Encrypted login | home

Program Information

The Importance of Image Processing for Simulated Deformations

no image available
N Kirby

N Kirby*, O Morin , K Nie , J Chen , J Pouliot , UC San Francisco, San Francisco, CA.


SU-C-18A-7 Sunday 1:00PM - 1:55PM Room: 18A

Purpose: Deformations can be digitally applied to patient images to evaluate the accuracy of deformable image registration (DIR). However, this can also deform image noise and artifacts, leaving a fingerprint of the underlying deformation that could skew accuracy determination. Image processing can be used to erase this fingerprint and create a more realistic DIR test scenario. The importance of image processing to simulated deformations is tested here.

Methods: These tests utilize a virtual pelvic phantom, made from a patient CT image, and a pelvic-shaped water phantom to acquire noise signatures. Two image-filtering techniques are tested here: a spatial convolution with a Gaussian (SCG) and an edge-preserving filter (EPF) that preferentially removes the Fourier components associated with noise. Four different processing scenarios are evaluated here. The first is no processing (NP). For the second, noise from the water phantom is added to the set of test images without filtering (NF). The third and fourth scenarios add noise after applying the SCG and EPF filtering methods. EPF provides the most realistic test scenario. These processing scenarios are tested for their effect on the spatial accuracy of the DIR algorithms from MIM Software and Velocity Medical Solution.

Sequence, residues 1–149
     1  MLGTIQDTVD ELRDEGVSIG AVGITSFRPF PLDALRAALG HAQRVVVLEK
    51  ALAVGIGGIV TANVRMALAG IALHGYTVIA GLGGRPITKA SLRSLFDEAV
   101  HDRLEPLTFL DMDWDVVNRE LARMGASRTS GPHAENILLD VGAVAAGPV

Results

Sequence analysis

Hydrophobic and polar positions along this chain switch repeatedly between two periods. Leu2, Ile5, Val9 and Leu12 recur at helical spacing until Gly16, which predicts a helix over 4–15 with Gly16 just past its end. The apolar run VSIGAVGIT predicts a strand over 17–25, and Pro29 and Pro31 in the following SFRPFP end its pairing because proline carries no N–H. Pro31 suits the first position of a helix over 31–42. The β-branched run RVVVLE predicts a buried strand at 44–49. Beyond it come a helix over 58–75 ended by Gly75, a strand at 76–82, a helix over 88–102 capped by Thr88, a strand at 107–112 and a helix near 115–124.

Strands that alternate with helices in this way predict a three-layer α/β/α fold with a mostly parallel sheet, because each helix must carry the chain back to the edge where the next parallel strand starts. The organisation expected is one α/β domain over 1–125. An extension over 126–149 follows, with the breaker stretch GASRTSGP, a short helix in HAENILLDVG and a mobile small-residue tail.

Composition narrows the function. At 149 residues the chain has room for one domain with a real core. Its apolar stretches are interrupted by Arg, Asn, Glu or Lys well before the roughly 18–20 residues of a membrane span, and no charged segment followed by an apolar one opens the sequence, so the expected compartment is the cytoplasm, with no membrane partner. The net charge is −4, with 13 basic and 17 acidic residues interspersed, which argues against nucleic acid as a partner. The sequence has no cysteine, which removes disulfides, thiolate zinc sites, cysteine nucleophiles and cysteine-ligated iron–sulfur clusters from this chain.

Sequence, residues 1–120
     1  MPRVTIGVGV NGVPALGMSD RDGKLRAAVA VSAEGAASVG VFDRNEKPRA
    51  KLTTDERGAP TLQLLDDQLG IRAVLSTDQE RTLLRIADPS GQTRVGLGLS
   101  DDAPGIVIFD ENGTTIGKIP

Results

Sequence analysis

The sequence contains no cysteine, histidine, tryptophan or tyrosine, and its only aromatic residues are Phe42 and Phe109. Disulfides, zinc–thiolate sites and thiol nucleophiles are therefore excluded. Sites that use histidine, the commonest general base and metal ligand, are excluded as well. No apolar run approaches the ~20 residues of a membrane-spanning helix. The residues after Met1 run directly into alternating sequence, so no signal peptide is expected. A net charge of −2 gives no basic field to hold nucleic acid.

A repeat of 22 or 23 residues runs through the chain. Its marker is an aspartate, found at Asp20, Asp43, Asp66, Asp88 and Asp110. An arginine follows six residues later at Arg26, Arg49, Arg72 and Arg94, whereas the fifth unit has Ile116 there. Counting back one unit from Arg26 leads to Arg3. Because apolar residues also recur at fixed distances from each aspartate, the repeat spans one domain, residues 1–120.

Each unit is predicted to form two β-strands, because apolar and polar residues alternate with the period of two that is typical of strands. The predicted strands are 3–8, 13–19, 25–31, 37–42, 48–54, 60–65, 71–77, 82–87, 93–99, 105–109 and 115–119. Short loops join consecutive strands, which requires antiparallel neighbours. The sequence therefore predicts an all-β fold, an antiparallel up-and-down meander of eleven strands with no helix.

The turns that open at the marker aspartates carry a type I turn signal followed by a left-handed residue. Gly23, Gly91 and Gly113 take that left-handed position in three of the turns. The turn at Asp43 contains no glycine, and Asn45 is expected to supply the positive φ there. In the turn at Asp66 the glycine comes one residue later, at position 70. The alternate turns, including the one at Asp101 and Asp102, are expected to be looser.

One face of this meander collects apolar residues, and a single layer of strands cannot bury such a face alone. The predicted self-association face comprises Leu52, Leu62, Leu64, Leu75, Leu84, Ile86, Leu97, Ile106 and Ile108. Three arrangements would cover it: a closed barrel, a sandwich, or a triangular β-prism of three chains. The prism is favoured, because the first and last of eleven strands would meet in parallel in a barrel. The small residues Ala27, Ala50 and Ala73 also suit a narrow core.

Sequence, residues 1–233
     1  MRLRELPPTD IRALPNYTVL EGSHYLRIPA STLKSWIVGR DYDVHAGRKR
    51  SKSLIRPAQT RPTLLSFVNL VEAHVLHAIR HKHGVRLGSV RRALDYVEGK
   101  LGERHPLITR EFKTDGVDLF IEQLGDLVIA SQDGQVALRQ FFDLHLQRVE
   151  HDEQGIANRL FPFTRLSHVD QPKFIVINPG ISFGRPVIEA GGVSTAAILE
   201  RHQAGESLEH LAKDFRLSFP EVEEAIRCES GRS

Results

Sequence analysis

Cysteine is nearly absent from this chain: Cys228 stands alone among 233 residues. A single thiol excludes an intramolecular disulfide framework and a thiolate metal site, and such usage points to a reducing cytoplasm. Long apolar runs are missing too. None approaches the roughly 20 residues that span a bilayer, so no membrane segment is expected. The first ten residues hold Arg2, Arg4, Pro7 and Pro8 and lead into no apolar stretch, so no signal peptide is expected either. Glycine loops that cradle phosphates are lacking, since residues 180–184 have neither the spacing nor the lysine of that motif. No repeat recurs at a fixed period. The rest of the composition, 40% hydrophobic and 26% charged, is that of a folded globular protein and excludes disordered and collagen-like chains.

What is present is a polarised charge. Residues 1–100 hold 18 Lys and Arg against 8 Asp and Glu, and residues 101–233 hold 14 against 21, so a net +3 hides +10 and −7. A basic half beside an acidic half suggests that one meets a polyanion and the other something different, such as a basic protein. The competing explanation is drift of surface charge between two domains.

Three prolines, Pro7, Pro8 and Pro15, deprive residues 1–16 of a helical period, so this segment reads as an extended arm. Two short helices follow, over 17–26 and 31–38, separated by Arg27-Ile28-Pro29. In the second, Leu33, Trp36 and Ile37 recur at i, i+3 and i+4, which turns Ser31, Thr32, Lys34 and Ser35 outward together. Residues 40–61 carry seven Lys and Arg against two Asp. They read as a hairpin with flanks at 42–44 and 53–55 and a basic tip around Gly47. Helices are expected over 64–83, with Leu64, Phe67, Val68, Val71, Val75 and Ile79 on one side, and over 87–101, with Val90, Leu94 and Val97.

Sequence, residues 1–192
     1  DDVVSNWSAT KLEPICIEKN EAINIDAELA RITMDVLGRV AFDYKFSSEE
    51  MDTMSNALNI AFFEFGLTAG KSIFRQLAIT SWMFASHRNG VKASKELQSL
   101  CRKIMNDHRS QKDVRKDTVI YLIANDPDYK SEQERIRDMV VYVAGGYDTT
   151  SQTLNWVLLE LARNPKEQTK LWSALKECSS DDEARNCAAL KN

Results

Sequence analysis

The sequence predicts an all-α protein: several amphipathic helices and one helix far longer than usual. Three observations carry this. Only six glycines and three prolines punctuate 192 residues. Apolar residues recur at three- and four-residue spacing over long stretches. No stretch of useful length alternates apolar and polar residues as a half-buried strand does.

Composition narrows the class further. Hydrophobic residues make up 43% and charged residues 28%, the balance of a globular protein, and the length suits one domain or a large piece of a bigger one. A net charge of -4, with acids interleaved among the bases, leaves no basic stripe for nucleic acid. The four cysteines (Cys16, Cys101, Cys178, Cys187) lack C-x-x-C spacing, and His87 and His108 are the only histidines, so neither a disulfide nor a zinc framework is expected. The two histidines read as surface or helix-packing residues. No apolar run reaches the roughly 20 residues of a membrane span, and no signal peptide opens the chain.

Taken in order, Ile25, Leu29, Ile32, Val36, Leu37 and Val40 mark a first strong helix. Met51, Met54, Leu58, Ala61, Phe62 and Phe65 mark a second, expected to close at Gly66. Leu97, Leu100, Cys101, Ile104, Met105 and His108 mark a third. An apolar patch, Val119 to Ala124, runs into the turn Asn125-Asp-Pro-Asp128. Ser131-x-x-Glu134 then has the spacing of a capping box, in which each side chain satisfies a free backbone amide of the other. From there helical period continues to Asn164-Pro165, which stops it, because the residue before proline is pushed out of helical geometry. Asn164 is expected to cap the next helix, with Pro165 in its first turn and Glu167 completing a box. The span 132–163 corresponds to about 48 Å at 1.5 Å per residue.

Results: For NP, NF, SCG, and EPF, the mean errors from MIM were 0.78, 1.11, 1.44, and 1.24 mm, respectively. The corresponding maximum errors for MIM were 21.7, 18.8, 26.1, and 21.1 mm, respectively. Velocity was relatively insensitive to these different processing scenarios, where the mean errors ranged from 1.66 to 1.74 mm and the maximum errors from 12.1 to 12.4 mm.

Conclusion: Velocity creates globally smooth deformations, whereas MIM exhibits much more local pliability. This local pliability makes MIM sensitive to differences in image processing. Thus, an objective evaluation of its accuracy with simulated deformations must utilize realistic noise scenarios, with carefully balanced image processing.

Contact Email: